Take the 2-minute tour ×
Ask Ubuntu is a question and answer site for Ubuntu users and developers. It's 100% free, no registration required.

I tried to use

sudo service networking restart

and

sudo /etc/init.d/network restart

but they both crash the window manager and I can no longer use my keyboard for input into X.

when I use the /etc/init.d/ method it complains saying that I should use the service utility

e.g. service networking restart

but it crashes just the same.

Is there a GUI method of restarting networking?

share|improve this question
    
Note that you might reanimate your keyboard, if you unplug and replug it - and it is hot pluggable, i.e. USB. –  user unknown Dec 19 '12 at 20:02
    
I also faced similar issue on Gnome 3 on Ubuntu 13.03. Screen disorted as top bar gone. Short keys not worked. As no menu/Activies shown I get no way to operate the system. Luckily console was opened already. So reboot command can be typed. –  kuldeep.kamboj Jul 22 '13 at 10:48
1  
if you are looking for GUI method just open dash, type "Network" and select that. now press "On/Off" button to turn off and again click to on. your networking is restarted now. –  KasiyA Sep 1 at 18:28

12 Answers 12

Try

sudo service network-manager restart

instead.

Ubuntu uses network-manager instead of the traditional Linux networking model. so you should restart the network-manager service instead of the network service. Or use ifup/down.

share|improve this answer
1  
hmm, strange that restarting just networking breaks the system. Does it happen to you too or is it just me? –  waspinator Dec 19 '12 at 21:25
1  
@waspinator - it happens to me too. (FYI.) –  Josh M. Dec 29 '13 at 3:31

Restarting networking on a desktop machine will cause dbus and a bunch of service to stop and never be started again, usually leading to the whole system being unusable.

As Ubuntu does event based network bring up, there quite simply isn't a way to undo it all and redo it all, so a restart just isn't plain possible. The recommended way instead is to use ifdown and ifup on the interfaces you actually want to reconfigure:

sudo ifdown --exclude=lo -a && sudo ifup --exclude=lo -a
share|improve this answer
    
I'm getting ifup: failed to open lockfile /run/network/.ifstate.lock: Permission denied even on --force –  Dee Nov 15 '13 at 11:52
    
@Jorge Castro: is this behavior going to be fixed, or is it broken by design? –  waspinator Jul 19 at 20:52
2  
@waspinator the bug is marked fixed as of march of this year: bugs.launchpad.net/ubuntu/+source/dbus/+bug/1072518 –  Jorge Castro Jul 20 at 4:03

You could try

ifconfig eth0 down && ifconfig eth0 up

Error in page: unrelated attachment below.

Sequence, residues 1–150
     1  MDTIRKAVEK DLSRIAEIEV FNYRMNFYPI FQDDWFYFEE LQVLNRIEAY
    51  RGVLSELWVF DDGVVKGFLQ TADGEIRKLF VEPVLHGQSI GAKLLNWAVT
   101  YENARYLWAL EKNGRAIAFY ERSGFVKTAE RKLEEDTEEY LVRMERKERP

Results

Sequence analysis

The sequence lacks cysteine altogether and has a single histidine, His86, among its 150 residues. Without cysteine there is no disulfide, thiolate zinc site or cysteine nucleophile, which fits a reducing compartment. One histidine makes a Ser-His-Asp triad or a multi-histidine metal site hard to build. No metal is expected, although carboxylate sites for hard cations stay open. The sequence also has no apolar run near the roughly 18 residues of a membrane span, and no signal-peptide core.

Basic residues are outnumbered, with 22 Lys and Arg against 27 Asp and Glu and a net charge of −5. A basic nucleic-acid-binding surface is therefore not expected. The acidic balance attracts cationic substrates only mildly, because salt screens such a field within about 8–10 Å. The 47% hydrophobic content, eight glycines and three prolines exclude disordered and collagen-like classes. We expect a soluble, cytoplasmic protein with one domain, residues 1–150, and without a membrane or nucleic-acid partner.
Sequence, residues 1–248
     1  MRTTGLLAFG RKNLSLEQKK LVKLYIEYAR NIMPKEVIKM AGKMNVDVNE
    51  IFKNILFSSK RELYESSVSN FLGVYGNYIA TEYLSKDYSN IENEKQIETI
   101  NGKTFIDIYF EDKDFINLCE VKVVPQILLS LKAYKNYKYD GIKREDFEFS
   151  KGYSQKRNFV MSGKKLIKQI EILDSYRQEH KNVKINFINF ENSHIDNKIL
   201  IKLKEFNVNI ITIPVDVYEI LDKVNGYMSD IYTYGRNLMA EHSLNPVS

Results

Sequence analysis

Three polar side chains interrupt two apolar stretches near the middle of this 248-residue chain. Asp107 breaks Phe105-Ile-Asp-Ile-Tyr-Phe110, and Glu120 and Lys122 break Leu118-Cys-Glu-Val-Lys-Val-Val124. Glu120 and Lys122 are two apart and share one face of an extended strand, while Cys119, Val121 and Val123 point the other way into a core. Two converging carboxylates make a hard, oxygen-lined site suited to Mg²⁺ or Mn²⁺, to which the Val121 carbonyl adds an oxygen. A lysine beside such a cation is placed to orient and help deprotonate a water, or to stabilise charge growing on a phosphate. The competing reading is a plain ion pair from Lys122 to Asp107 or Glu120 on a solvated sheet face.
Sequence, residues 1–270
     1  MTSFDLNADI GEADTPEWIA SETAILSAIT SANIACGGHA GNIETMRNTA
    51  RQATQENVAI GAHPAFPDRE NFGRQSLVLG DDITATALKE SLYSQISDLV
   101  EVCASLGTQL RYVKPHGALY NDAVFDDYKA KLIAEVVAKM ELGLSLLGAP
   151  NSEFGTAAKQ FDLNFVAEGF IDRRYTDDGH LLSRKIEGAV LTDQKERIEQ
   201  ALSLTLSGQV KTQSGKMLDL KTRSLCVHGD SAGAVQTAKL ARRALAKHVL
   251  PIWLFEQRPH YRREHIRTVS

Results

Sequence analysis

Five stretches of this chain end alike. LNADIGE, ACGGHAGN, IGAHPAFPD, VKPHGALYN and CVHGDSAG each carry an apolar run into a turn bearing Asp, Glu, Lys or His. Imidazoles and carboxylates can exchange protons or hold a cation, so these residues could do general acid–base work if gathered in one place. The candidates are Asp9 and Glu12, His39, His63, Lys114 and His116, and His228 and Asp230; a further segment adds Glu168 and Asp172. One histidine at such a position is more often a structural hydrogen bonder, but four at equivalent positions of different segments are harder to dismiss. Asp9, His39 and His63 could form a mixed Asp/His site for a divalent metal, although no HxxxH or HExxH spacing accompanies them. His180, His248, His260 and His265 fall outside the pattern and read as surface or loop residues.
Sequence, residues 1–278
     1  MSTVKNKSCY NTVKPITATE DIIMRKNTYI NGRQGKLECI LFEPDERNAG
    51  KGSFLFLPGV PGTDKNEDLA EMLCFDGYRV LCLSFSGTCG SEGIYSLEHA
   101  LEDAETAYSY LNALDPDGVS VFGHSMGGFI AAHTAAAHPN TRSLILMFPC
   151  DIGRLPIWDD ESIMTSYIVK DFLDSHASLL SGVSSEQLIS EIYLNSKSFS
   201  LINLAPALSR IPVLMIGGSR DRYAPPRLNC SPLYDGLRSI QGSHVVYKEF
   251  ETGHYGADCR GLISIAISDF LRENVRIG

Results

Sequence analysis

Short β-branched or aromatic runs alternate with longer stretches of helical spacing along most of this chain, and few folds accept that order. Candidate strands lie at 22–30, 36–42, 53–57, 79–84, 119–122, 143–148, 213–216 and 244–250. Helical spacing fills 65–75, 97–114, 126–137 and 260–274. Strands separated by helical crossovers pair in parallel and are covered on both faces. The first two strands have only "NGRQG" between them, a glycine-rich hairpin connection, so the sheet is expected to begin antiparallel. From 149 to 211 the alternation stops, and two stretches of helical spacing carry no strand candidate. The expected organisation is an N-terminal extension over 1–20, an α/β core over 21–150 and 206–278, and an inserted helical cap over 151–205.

(or whatever your network interface is called) to restart the network.

share|improve this answer

Try using the indicator (top menu bar) to disable and then enable networking.

share|improve this answer

ubuntu CLI: to restart the network service either

sudo /etc/init.d/networking restart

or

ifdown eth0
ifup eth0
share|improve this answer

I've got the same issue. Its a known bug https://bugs.launchpad.net/ubuntu/+source/dbus/+bug/1102507

Using service network-manager restart works through

share|improve this answer

service network-manager restart doesn't work:

stop: Unknown job network-manager
start: Unknown job network-manager

The only thing that works is:

ifconfig eth0 down
ifconfig eth0 up
share|improve this answer

In ubuntu 14.04 they have a new "feature" that makes it impossible to restart. Force the interface down and up works.

  sudo ip link set eth0 down
  sudo ip link set eth0 up
share|improve this answer
    
This does not restart the network services, that is, no retry for DHCP addresses etc. –  Samveen Aug 1 at 19:01

The command below works well in a server environment, without throwing errors.

sudo service networking start
share|improve this answer
sudo service network-manager restart

nor:

sudo service networking restart

Doesn't work on Ubuntu server 14.04

only:

sudo ifdown eth0:0
sudo ifup eth0:0

Works. Change eth0:0 to your interface.

share|improve this answer

I do not really think there's GUI method - by default at least.

I'm also not sure what do You mean by 'restarting networking service', but I feel that the command below could make it.

sudo killall NetworkManager 

It's killing NetworkManger which automatically restarts after this. And it doesn't break the system. ;)

share|improve this answer

The solution is to reboot the operating system. The reason Ubuntu has so many new features is because the kernel is being developed in virtual space. Thus it becomes a developers behavior to reboot. Reboot, because the distributed operating systems hosting the virtual machine, perhaps even windows, keep running.

enter image description here

share|improve this answer

Your Answer

 
discard

By posting your answer, you agree to the privacy policy and terms of service.

Not the answer you're looking for? Browse other questions tagged or ask your own question.